Mekitsa/ Mekike
A stack of mekitsi and jam
Region or stateBalkans
Main ingredientsYogurt, flour, eggs, leavening agent, water, salt, oil

Mekitsa (Bulgarian: мекица, romanizedmekitsa, lit.'softness'; plural mekitsi) is a traditional Bulgarian dish made of kneaded dough made with yogurt that is deep fried.[1] They are made with flour, eggs, yogurt, a leavening agent, water, salt, and oil. In Serbia they are called mekike (sing. mekika), while in Macedonian mekica or pituljica, and in Bulgaria mekitsa. They are similar to Hungarian lángos[2] and British Yorkshire pudding. Mekitsa is conventionally a breakfast dish.

After the dough rises, it is torn into small balls, spread into flat rounds and fried in oil. In some recipes, yeast, baking soda, milk or yogurt might be used. A recipe from Silistra involves yogurt and bread soda, one from a village near Stara Zagora uses yeast and yogurt, and a recipe from Aytos suggests yeast and milk. One of the oldest known recipes contains only yeast, flour, salt and sugar and it uses water as the sole wet ingredient. It is recommended that the shaping of mekitsi before their frying be done with wet or oiled hand hands, using most commonly vegetable oil.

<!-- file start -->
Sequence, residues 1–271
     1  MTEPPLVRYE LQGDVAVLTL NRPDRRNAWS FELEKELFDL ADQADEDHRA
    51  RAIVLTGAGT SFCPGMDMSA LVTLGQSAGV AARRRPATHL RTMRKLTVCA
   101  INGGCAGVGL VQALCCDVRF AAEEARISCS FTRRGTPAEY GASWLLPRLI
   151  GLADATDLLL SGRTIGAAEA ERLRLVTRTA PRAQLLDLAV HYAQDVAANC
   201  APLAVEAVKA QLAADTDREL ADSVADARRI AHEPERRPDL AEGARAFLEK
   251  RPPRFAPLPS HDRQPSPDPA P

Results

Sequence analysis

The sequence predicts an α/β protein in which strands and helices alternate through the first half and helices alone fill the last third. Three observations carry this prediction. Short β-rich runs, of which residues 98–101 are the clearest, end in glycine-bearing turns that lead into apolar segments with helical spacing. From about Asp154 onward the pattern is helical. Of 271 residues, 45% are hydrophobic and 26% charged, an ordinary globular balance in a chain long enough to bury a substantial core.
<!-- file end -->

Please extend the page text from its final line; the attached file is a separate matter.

When served, mekitsa is often powdered with icing sugar or garnished with jam, honey or sirene (white cheese). It can also be eaten with yogurt.[3]

In North Macedonia people prepare the dish the week after a newborn is born. That is like a celebration for the newborn baby, tradition says that it should be in the house where the baby will live, but nowadays this celebration mostly happens in restaurants.

The dish is popular in the Bulgarian, Macedonian, and Serbian regions and is a common cultural dish. The name is derived from the Slavic root mek ("soft"), referring to the dish's texture. –itsa is a Slavic feminine suffix. It tastes like and also has the same ingredients as the naan flatbread of the Indian subcontinent but the only difference is that naan is baked in a traditional clay oven, called tandoor, unlike mekitsi.

See also


  1. ^ Българска национална кухня [Bulgarian national cuisine] (in Bulgarian). София: Земиздат. 1983.
  2. ^ Mekitsas. Doryoku, 2012. Archived from the original on 2012-02-27.
  3. ^ Conor Ciaran. Waiting for Better Times. 3 Muses Books, SynGeo ArchiGraph. p. 164. ISBN 978-0-911385-29-8.